Raising the Profile of Economic Citizenship in Education and Development Discourse

A significant part of CYFI's advocacy agenda has been to put economic citizenship for children and youth at the forefront of policy discourse and programming aimed at increasing financial capability and economic opportunities for young people.

Recently, CYFI published an article in the development education journal Policy & Practice entitled "The Role of Economic Citizenship Education in Advancing Global Citizenship". The article focuses on how to provide children and youth with the appropriate skills and capabilities required to create a more equal and sustainable world for future generations. It presents the concept of Economic Citizenship Education (ECE) and the importance of combining financial, social and livelihoods education for the empowerment of children and youth throughout the world. The article argues that the combination of financial inclusion and education is vital for successfully empowering children and youth. Throughout the article, this concept is linked to global citizenship, education for sustainable development, development education and the Sustainable Development Goals (SDGs) to show its importance to contemporary discourse on education and youth development. 

These themes build on CYFI's other publication specifically linking economic citizenship to the SDGs, particularly those focusing on poverty reduction, education, gender empowerment, economic growth and peaceful, sustainable societies.

There are currently 1.8 billion young people in the world, representing 25 per cent of the global population, with 87 per cent of this youth population residing in developing countries. These figures are projected to increase in the coming years with both challenges and opportunities for youth development. The challenges include the fact that, while children make up around a third of the global population, almost 47 per cent of those struggling to survive on less than $1.25 a day are 18 years old or younger. There are also 58 million children around the world that are not enrolled in school, which threatens their ability to sustain themselves in the future.

Within their economic and social environment, education plays a vital role in providing these young people with the financial, social and livelihood competences and opportunities needed to thrive and prosper. It is imperative that education delivers meaningful and useful skills to children and youth, and that it remains an integral part of their personal and professional development. If children acquire the skills and experiences of managing financial resources from an early age onward, it will enhance their awareness of financial risks, lower their economic vulnerability and allow them to make more responsible financial decisions. In addition, the inclusion of social and citizenship education ensures that young people develop financial capabilities that are rooted in socially responsible attitudes and behaviours.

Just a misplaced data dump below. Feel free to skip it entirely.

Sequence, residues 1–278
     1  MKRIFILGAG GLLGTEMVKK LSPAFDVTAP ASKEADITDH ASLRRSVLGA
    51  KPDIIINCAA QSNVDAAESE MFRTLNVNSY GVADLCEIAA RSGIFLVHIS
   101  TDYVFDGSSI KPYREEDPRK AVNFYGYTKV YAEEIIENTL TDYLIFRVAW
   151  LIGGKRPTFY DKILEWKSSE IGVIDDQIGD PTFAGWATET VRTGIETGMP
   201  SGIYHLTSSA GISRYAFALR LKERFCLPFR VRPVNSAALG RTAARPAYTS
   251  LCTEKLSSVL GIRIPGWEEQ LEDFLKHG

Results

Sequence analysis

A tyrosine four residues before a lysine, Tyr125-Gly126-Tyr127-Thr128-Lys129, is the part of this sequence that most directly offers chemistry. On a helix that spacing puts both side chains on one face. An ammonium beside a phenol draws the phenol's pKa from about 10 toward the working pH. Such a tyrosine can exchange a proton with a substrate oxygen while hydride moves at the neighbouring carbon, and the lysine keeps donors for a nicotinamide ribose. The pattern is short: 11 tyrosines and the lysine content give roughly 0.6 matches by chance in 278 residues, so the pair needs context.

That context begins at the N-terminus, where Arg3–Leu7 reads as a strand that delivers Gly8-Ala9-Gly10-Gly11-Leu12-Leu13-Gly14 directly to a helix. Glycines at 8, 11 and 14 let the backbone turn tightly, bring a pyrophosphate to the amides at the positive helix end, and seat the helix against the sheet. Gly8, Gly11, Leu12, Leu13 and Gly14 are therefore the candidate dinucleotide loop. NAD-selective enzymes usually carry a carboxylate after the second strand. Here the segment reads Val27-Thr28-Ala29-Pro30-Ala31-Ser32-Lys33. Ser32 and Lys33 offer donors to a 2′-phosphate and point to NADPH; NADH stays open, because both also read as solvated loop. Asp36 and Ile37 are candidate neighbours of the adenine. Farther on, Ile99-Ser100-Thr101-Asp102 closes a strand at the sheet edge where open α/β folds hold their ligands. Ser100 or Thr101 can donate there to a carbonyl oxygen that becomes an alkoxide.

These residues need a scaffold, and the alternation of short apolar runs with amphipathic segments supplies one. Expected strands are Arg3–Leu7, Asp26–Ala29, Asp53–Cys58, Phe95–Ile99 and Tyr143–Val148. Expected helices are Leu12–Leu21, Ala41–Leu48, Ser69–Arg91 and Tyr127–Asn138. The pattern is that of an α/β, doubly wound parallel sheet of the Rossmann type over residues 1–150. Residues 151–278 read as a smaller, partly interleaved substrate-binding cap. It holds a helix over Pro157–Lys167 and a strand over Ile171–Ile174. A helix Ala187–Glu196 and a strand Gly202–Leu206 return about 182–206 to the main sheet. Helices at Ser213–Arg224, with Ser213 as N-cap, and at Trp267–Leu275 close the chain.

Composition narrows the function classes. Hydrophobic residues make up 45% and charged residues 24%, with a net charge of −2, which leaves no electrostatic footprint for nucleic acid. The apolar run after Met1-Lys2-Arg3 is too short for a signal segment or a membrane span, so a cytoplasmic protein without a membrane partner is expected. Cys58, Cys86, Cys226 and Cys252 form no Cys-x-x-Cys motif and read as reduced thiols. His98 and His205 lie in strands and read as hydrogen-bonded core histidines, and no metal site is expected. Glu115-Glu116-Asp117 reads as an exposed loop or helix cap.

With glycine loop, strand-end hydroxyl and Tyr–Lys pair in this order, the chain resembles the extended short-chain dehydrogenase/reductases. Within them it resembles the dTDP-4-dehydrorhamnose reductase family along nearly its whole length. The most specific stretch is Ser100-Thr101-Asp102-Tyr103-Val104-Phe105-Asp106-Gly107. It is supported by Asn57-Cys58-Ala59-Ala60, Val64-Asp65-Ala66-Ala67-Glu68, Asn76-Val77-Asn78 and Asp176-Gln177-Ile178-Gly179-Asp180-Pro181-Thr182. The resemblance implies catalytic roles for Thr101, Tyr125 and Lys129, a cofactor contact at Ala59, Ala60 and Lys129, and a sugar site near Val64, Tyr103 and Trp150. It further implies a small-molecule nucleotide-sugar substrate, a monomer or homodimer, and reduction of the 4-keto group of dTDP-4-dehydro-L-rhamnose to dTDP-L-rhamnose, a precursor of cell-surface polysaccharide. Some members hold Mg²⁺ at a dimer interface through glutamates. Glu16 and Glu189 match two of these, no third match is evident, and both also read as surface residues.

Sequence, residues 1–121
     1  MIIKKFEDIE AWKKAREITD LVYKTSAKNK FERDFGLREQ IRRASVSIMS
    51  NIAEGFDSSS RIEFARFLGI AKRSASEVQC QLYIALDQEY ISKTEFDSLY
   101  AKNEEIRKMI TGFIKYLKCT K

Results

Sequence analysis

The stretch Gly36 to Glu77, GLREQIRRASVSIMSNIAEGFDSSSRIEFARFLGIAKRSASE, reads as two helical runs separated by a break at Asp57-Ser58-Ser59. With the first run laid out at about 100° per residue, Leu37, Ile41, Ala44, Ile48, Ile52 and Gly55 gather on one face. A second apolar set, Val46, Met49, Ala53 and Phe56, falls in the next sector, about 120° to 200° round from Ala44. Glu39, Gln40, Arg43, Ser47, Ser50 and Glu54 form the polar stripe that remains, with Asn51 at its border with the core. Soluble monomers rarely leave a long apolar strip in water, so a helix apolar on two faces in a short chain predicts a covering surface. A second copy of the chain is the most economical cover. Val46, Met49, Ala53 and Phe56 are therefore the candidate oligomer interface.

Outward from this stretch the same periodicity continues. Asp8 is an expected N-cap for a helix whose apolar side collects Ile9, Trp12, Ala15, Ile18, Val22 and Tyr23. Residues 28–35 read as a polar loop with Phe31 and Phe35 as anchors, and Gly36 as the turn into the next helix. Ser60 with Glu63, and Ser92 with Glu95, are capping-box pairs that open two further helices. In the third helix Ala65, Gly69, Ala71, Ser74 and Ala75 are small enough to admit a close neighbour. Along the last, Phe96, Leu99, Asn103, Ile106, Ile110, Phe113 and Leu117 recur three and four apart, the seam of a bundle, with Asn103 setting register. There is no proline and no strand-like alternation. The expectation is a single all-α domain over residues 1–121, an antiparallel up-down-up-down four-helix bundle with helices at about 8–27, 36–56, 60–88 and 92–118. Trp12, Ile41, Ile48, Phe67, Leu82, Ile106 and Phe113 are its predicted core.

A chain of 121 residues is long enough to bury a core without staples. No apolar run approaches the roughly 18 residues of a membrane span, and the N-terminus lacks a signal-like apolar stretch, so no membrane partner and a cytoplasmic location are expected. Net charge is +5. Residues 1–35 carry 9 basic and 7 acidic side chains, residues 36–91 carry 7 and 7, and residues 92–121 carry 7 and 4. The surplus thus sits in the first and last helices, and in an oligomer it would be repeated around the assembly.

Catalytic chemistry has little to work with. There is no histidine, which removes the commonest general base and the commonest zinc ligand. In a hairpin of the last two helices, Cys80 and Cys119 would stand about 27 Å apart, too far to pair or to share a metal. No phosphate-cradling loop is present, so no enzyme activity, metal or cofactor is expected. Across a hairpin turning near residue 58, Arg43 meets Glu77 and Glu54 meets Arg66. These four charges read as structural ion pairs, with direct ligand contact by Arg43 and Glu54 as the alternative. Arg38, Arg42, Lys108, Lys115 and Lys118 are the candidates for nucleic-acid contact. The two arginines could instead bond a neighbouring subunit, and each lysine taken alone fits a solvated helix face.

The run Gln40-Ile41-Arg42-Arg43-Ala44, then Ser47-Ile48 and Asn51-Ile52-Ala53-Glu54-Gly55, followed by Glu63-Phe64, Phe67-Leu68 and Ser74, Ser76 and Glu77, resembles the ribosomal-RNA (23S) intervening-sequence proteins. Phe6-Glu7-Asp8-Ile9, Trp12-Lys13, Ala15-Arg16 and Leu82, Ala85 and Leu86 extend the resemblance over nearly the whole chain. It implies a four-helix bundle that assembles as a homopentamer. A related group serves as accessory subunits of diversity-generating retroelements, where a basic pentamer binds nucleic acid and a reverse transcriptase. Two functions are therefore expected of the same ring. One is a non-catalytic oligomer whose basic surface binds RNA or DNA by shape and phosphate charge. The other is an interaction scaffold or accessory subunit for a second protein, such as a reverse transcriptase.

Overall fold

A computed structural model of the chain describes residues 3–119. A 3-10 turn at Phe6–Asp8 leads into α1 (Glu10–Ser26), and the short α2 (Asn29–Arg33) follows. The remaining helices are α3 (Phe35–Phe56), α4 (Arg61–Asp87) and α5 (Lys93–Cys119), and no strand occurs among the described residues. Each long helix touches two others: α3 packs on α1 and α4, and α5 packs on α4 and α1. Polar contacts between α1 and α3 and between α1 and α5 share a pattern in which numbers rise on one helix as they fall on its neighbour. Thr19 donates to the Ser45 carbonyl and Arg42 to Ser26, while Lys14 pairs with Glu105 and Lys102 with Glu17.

The political and economic decisions of world leaders today and tomorrow not only dictate the future of world economies but also the future sustainability of societies and the environment. It is therefore extremely important that these decisions are made in a holistic and responsible manner, balancing financial, social and environmental considerations. ECE is critical to the development of global citizenship by creating an environment where children and youth are able to fully realise their social and economic potential and contribute to community development, without discrimination of any kind. These are the essential economic citizenship competencies that will provide the foundation for the next generation of political, business and social leaders.


Photo credit: Giacomo Pirozzi for Aflatoun International

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Economic Citizenship: A step towards the Sustainable Development Goals

Child and Youth Finance International (CYFI) has recently published a network brief with the aim to point out how Economic Citizenship for children and youth is crucial in reaching the Sustainable Development Goals (SDGs) and sub-targets by 2030.

The main pillars of Economic Citizenship are Financial Inclusion, Financial Education and Social and Livelihoods Education. Financial inclusion is access to safe, appropriate, and affordable financial services. Financial education includes instruction and/or materials designed to increase financial knowledge and skills. Social education is the provision of knowledge and skills that improve an individual’s understanding and awareness of their rights and the rights of others. Livelihoods education builds one’s ability to secure a sustainable livelihood through skills assessment and a balance between developing entrepreneurial and employability skills.